would make Michaud a pretty important executive. A couple of things that make Michaud particularly unique and interesting: First, he does not come from an urban center—the usual stronghold for openly gay candidates; second, even when publicly closeted he supported LGBT rights. He has integrity. Further, even those opposed to gay concerns support him. My favorite quote from the story about him in this issue is from Maine voter Dick Waceken who said, “I think I am antigay. I think women should be with men and men should be with women, but I am still going to vote for Mike.” Go Mike! Honestly, though, when it comes to powerful LGBT people, perhaps the most powerful queer person in New England is us. The impact we all make together from our little corner of the world is tremendous. Think about the fact—as noted in our employment story in this issue—that many of the largest international corporations—like Massachusetts-based EMC— have active LGBT employees in New England who are setting policies and procedures that demand people in offices all around the world respect queer people, even in places like India,

Celebrating Another Marriage Victory!


where the Supreme Court recently reinstated a law that is used to criminalize homosexual behavior. As homosexuality becomes normalized in our great corner of the globe, just simply being an out queer person in any and all situations causes big ripples. As Daniel Heller of The Welcoming Committee (a.k.a. Guerrilla Queer Bar) notes in his New Year’s resolution notes featured in this issue, just having a crowd of LGBT people at Symphony Hall can make a difference to some audience members who still may not have contact with an out gay person—yes, even in this day, age and in Boston! TWC, EMC, and all of us are making huge waves in helping make all queer people just a regular presence in the lives of everyone everywhere. That’s pretty powerful. Hooray for us! Hooray for 2014! Let’s keep being who we are: Out, loud, and proud. Oh, and, if you’re in Maine, vote for Mike Michaud!

James Lopata Editor

You can now get your dose of Boston Spirit on New England’s online leader, Visit where Boston Spirit brings you all things LGBT-related, including breaking local and national news, party and event updates, and lots more! Visit today.

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Sleeping Under The Stars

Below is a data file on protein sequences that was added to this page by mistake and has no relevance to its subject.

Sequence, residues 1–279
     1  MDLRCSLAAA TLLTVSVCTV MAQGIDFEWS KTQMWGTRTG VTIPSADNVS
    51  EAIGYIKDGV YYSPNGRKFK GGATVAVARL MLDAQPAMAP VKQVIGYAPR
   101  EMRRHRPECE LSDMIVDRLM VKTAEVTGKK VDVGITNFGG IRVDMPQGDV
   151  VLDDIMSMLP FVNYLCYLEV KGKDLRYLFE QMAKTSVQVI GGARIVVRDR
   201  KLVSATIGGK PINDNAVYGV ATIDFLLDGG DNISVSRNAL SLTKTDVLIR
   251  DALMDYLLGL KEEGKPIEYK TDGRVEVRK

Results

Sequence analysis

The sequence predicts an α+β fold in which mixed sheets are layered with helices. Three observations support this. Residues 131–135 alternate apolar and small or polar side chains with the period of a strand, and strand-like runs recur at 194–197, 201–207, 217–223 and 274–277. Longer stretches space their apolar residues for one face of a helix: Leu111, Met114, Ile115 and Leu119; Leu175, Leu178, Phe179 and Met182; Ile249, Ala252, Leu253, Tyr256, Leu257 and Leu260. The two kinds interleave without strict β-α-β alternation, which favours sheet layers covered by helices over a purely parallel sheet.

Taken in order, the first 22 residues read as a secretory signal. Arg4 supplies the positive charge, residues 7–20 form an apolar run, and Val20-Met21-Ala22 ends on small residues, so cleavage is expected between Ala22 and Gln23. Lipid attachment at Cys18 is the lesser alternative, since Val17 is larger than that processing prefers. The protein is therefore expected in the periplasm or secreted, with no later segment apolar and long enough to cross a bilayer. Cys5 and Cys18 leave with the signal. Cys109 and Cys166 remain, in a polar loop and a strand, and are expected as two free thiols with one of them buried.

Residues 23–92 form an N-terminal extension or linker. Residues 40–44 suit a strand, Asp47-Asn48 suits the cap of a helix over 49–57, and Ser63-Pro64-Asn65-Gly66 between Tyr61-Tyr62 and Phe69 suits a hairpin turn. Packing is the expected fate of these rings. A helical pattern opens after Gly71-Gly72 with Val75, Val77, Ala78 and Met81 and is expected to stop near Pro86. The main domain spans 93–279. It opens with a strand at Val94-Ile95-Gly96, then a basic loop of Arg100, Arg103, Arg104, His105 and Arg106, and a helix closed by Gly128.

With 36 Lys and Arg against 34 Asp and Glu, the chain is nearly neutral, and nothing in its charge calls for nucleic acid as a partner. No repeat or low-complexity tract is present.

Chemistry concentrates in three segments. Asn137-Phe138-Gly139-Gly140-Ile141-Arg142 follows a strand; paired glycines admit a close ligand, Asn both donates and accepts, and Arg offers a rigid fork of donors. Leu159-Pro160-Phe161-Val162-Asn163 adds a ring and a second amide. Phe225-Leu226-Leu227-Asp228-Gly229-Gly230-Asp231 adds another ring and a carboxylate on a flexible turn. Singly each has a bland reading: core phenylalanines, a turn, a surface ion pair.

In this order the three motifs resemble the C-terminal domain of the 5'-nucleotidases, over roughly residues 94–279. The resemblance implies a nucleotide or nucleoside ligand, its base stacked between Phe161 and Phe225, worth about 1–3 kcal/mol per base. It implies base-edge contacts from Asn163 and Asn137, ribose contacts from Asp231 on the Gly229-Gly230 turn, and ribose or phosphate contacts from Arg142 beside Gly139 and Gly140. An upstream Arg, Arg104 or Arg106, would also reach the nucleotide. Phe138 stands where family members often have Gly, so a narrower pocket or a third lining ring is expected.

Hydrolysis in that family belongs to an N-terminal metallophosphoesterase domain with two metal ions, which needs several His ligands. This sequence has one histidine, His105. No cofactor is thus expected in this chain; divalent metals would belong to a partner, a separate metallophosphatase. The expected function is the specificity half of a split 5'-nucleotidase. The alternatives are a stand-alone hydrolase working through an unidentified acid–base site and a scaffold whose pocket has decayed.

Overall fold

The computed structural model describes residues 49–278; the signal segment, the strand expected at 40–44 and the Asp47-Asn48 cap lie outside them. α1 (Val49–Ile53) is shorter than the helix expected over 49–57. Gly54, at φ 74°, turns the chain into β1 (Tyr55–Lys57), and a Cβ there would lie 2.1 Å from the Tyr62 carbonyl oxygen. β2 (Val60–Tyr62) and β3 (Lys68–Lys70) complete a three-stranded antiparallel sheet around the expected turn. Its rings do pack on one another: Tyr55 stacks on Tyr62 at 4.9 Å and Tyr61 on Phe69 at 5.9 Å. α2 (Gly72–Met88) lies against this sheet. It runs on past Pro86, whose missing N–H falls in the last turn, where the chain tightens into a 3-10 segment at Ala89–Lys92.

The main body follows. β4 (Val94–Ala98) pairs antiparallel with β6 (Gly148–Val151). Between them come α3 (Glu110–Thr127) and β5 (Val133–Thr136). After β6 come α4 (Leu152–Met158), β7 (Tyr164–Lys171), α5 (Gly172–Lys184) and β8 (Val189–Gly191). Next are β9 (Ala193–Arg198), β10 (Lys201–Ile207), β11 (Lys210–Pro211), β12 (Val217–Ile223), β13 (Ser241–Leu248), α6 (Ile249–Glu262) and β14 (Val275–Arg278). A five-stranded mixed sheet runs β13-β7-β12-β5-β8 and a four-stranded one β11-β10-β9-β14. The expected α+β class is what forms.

JAN|FEB 2014 | VOLUME 10 | ISSUE 1



Ricardo Recommends Menino Recommends


Hit List

London to Venice on the Orient Express

Spotlight Hit List You Better Work Barry’s Bootcamp Hits Boston The Glitter Gourmet Mayor Menino Recommends Fifty Shades of Gay

Culture 8 10 11 12 14 16

Disproportionately affecting hundreds of LGBTs, out-of-date government policies are placing young adults out on the streets when they turn legal

The Maine Gay Guy

If Mike Michaud hangs on to his lead in the polls, he could become the nation’s first openly gay person to be elected to a governorship, making him arguably the most powerful out politician in the U.S.


Rowdy Women Make History The longest continuously operating women’s center in the nation began with the rowdy takeover of a Harvard building in 1971

50 Shades of Gay


Corporations based in and around New England are making huge strides for LGBT diversity with their employees around the world

LGBT Employment by the Numbers






Seasonal You Say You Want A Resolution 36 From hospitality to politics, we talked to prominent LGBT leaders from different spheres to tell us the goals they accomplished in 2013—and their big plans for the year ahead

Sleeping Under The Stars This Valentine’s Day, choose a gay-friendly getaway that’s destined to be heavenly


Myth and Reality


Gone, Baby, Gone


Two Guys and a Dream


New book tackles 21 myths about LGBT life and people Gay film ‘He Is Gone’ will be shot in Boston this summer

To Venice, on the Orient Express 68

Special Businesses Spread Equality


John Mitzel’s LGBT bookstore lives on under the direction of longtime assistant manager Brian Gale

Gay couple’s musical journey Witness Uganda premieres at the American Repertory Theater

Feature Happy 18th Birthday! You’re Now Homeless!

Calamus Lives!

Etiquetteer, out nationally syndicated etiquette columnist from Boston, takes the trip of a lifetime—you should too!